- Getting Started
- Working With Code
- Using .NET Code Assist
- Using Build Tools
- Managing Builds
- Using Framework Tools
- Accessing Databases
- Developing ASP.NET Projects
- Customizing QuickSharp
Like most development environments, QuickSharp's work-flow is based on a three-step edit, compile and run cycle.
Developing any application starts with editing code. QuickSharp includes a capable, multi-file text editor with colour syntax highlighting, code folding, search/replace, text 'snippets' and Visual Studio-style docking windows.
To create a new file simply select New from the File menu, click the toolbar button or press Ctrl+N. A new window will appear with a basic C# program 'skeleton' inserted ready for editing. To create a different content type use the New From Template menu to select the new file from the file templates available.
All files created in the QuickSharp IDE are copied from templates. These are simply text files stored in the Templates folder of the QuickSharp local application data directory. The location of this will depend on the version of Windows; XP users will find it in:
C:\Documents and Settings\<username>\Local Settings\Application Data\QuickSharp
Vista and Windows 7 users in:
The files can be edited to suit individual preferences and extra files can be added to create additional templates. Folders may be used to organise these files; they will appear as sub-menus in the New From Template menu and can be nested to an arbitrary depth.
A special file '_default.cs' does not appear in the template menu but is used to provide the content created when New is selected from the File menu or toolbar. The type of file created can also be defined by changing the extension of the file; for example to create a VB.NET file rename it to '_default.vb' and update the contents to match.
Template files are used to create new files in the editor. Zip file templates allow more complex resources to be created, either from multiple files or from files with names not suited to the 'untitled' naming convention used by simple templates.
Zip file templates usually contain groups of files or complete projects; the contents of the template are extracted directly to the workspace instead of being loaded into the editor. Sometimes the contents will require a name to be provided so that unique instances may be created; in other cases template files will have fixed names such as 'Web.config'.
Normally a file can only be loaded into one editing window; any attempt to load the file in another editor will cause the existing editing window to be shown. A file can be opened in a second window if the first is set to be read only; do this with the Edit menu Set Read Only option before opening the file a second time.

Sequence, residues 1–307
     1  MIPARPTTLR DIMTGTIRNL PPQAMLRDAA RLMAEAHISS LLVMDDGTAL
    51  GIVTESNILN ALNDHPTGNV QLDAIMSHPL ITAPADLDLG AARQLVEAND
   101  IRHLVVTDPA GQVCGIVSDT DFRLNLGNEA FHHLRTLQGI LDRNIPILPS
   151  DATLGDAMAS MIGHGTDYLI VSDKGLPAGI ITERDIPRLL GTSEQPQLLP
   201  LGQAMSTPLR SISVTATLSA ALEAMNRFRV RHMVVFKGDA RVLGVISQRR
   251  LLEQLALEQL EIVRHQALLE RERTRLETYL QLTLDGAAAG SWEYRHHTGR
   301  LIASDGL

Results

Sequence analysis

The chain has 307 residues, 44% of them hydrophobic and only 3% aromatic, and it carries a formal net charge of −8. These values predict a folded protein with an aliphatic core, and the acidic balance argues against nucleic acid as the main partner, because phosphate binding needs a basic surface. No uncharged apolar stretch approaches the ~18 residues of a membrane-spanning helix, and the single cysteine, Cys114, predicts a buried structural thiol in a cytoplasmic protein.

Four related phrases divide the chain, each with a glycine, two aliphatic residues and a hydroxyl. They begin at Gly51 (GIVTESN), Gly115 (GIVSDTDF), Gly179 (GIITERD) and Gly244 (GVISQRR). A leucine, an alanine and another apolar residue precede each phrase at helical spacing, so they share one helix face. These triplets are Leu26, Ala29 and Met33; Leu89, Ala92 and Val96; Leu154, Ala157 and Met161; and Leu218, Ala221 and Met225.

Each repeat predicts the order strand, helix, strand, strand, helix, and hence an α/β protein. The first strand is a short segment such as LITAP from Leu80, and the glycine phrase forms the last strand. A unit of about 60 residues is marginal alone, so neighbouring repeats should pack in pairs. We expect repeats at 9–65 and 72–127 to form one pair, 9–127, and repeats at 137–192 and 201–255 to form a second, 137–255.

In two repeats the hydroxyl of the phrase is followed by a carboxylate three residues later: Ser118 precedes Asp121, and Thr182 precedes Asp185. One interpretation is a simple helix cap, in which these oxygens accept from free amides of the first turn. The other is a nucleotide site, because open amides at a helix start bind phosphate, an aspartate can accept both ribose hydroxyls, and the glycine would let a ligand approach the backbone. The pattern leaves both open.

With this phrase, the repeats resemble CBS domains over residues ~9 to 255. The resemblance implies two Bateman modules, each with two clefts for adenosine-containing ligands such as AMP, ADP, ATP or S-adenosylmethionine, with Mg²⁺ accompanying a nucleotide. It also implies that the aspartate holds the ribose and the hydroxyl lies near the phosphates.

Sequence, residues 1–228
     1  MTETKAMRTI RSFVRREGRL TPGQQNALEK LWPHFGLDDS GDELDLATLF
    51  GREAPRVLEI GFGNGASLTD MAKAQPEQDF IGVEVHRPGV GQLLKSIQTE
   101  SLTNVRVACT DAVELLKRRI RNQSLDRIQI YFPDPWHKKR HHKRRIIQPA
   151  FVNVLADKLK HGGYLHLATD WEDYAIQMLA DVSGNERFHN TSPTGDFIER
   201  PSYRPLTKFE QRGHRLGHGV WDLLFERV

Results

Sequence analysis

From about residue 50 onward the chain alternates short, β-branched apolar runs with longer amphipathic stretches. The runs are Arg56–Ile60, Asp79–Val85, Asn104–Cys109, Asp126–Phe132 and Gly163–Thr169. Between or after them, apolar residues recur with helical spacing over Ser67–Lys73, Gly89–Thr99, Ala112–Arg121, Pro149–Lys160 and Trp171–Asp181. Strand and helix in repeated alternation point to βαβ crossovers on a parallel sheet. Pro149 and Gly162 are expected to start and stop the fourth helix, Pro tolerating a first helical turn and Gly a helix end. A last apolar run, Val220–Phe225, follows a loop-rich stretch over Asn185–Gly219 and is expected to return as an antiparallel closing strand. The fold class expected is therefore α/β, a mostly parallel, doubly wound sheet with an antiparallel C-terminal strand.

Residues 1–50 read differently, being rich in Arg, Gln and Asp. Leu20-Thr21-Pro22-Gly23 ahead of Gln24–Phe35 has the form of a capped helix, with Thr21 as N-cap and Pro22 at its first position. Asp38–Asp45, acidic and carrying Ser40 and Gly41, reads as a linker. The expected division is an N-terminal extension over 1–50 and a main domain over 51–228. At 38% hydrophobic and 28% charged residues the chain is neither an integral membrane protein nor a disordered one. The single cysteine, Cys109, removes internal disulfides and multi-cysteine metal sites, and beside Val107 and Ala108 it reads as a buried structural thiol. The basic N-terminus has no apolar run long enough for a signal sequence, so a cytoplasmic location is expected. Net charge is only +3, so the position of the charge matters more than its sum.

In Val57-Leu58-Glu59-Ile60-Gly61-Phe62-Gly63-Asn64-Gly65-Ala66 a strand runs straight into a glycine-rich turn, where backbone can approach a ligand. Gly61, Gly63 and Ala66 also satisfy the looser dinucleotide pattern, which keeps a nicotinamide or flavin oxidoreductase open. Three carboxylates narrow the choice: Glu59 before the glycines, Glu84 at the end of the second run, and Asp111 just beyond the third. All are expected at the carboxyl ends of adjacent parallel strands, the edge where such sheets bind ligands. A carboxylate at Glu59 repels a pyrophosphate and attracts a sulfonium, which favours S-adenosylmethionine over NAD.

Snippets are fragments of text which can be inserted into the current file on selection from the Snippets menu. Select Edit, then Snippets and a sub-menu option to insert the text. Snippets are text files stored in the 'Snippets' sub folder of the QuickSharp local application data directory. This can be easily located by selecting Manage Snippets from the Snippets menu. This will open a Windows Explorer view allowing the text files to be edited. New files can be added to create additional snippets and folders used to organise them; they will appear as sub menus and can be nested arbitrarily to create the required arrangement.
The name of each snippet file provides the title of the corresponding menu entry. By adding a simple prefix a short-cut key combination can be assigned to the snippet making it easier to insert into the editor. Short-cut keys can be any letter or number key accompanied by at least two of the three modifier keys 'C', 'A' and 'S' for Ctrl, Alt and Shift. To create a prefix use the chosen key combination followed by '#' at the start of the snippet file name. For example, the 'Using System' snippet provides the short-cut key combination Ctrl+Shift+U and has the file name 'CSU#Using System.txt'.
Once source code has been created it can be compiled by pressing Shift-F5, selecting Compile from the Tools menu or clicking the corresponding toolbar button. The compiler will run and present its output in the output window. Compilation errors or warnings will also be presented here; double-click an error message to jump to the appropriate line in the editor.
QuickSharp supports multiple compiler configurations; these are presented in the drop-down menu next to the compile button on the toolbar. Select the configuration you wish to use from the list; all subsequent compilations will use the selected tool.
QuickSharp will automatically decide whether to compile a source file to an program or a library based on it content. If your code contains a valid Main method a program will be created, otherwise a library will result. If necessary this can be overridden with an embedded compiler option.
Once the program has compiled successfully it can be run by pressing Ctrl+F5, or using the Run menu/toolbar commands. Again, the program output will appear in the output window.
In order to shorten this cycle, a program can be compiled and run in a single operation by just using run; if the source is more recent than its output file it will be automatically recompiled. All being well the program will run as requested, if compilation errors occur the run command will be cancelled.
Programs are normally run within QuickSharp and any output captured in the output window. If a program requires user input it should be run in its own window. This can be achieved using the 'RunInOwnWindow' embedded option. Embedded options can also be used to pass input to the program automatically.